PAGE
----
Which is why they plot against her and send her to recuperate at her uncle Knox’s, Catriona doesn’t intend to spend her days lounging about she fully intends to get her wealthy English uncle’s support to help save Kishorn Abbey from being taken by the crown. But her well laid out plan’s soon take a turn when she meets the mysterious and devilishly handsome Duke of Montrose. As soon as she sees him across the Inn for the first time in years she feels alive and intrigued by something.

From the onset of meeting Catriona, you see straight way that there is a darkness hanging over her head, London has wonderful job with Catriona’s depression in the first part she hasn’t gone over done it but in those few moment’s you can get a glimpse of Catriona’s state of mind and she isn’t a happy woman. She tries to show to the world she is content but deep down she is a crying wreck.

Hamlin Graham is living under a dark and heavy cloud, of secrets, lies and scandal after the disappearance of his wife all of society think’s that Hamlin murdered her. He has lived with that hanging over his head, it has tarnished his reputation blackened his good name and now driven him to live a lonely and isolated life. It would all be well and good if he didn’t have his hopes set on gaining his seat in Parliament, after all Scotland were only allowed a handful of seats and he wanted one. He had plans to help and he could only do that once he gained that seat. But the scandal in his past and the secret he holds close to his heart are standing in his way.

That is until he meets feisty, determined kindred spirit; Catriona. Who brings the sunshine back into his dark life and makes his once dead heart begin to beat again. Catriona is the only one that knows Hamlin wouldn’t have killed his wife, he may be a huge, brawny and monosyllabic man but he she sees the goodness, she knows beneath that rude persona there lies a gentle, sensitive man.

Oh, my goodness, what a stud! Hamlin is soooo swoon-worthy, he ruggedly handsome. Kind, generous, dark and brooding. Plus, he is very good with his hands in more ways than just welding a hammer to fix his own roof, he isn’t your stereotypical duke. Part man part devil and when he looks at Catriona with those dark/black soulful eyes you melt. He is dark uncivilised and equally as sad as Catriona, they are a match made in heaven!

I love that first chapter where all the Mackenzie clan are all together after Zelda’s death, their closeness and protectiveness to one and other is so heart-warming. This is why I love this family so much, they maybe brutish men in kilts and fierce women with great mind, but they are also hugely supportive of each other and a wonderful family.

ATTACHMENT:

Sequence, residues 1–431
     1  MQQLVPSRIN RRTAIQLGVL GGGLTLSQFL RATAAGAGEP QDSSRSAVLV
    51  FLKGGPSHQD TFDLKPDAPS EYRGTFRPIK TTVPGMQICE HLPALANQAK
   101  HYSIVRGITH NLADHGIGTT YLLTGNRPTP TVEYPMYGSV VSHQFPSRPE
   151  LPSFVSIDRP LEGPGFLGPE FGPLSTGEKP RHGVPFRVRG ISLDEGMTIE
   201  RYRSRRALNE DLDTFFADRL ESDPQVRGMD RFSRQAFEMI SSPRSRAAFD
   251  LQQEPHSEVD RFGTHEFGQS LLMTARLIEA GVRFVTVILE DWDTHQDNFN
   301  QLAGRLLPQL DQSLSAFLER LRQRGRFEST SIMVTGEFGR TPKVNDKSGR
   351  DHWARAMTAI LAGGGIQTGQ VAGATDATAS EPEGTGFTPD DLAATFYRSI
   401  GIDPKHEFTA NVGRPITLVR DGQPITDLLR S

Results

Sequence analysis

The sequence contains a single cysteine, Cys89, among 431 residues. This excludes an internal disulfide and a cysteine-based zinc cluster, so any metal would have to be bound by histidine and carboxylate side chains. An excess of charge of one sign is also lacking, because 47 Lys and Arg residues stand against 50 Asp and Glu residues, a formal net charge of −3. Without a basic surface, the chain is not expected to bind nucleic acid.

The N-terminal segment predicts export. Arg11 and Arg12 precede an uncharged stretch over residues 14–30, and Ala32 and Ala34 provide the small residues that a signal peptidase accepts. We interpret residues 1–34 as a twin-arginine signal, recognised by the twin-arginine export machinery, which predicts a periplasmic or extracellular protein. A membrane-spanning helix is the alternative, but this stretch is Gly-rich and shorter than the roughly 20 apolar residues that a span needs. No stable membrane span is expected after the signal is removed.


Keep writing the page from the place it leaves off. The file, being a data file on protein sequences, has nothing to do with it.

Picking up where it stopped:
Just want to say that I am so intrigued by Nichol Bain who is Hamlin’s secretary. He is a mysterious young man, he has many secrets hidden behind those green eyes and I do hope that he will get a story of his own. He is quite a man I would love to know more about him.

This really is so good, wonderful storyline that keeps you hooked, and keeps you turning those pages to find out what happens’. Character’s that are engaging, intriguing and it’s a joy to watch as their relationship blossoms and their personal characters develop.

As I said in the beginning of the review, this is the best of the series, it’s thrilling, romantic, sexy with two of the best character’s. London has outdone herself with this, it is perfection!

This was an ARC copy via the Author’s PA in exchange for an honest review.

Tempting The Laird is to be released 26th June and can be pre-ordered at Amazon.

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GIVEAWAY CLOSED

I have a wonderful and exclusive to Chicks Rogues and Scandals Giveaway, to be in for a chance to win some exclusive Julia London swag then just answer the question below.

As the Highland Grooms is set in Scotland, what is your favourite thing about Scotland?

It can be anything, from food, clothes, the highlands or something Scottish from TV, mine has got to be Outlander 😉 what’s yours?

This giveaway will be open on here and on the Chicks, Rogues and Scandals Facebook Page which means you have the chance to put your name into the hat twice.

(Eg: Comment on this post -1 entry / Comment & Like Facebook post – 1 entry)

Good luck everyone!

*Unfortunately, giveaway is only opened to US and UK, Giveaway closes on 31st May at midnight GMT. Winner will be announced as soon as possible after closing date.

A Chat With…Author Denise Lynn

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I have the very great pleasure to be chatting with historical romance author, Denise Lynn on Chicks, Rogues and Scandals. So take a seat and lets get to know a little about Denise…

Denise Lynn lives in NW Ohio with her husband, son and slew of 4-legged “kids”. She has been an avid reader of romance novels for many years, travelling to lands and times filled with brave knights, courageous ladies and never-ending love between the pages of those wonderful books.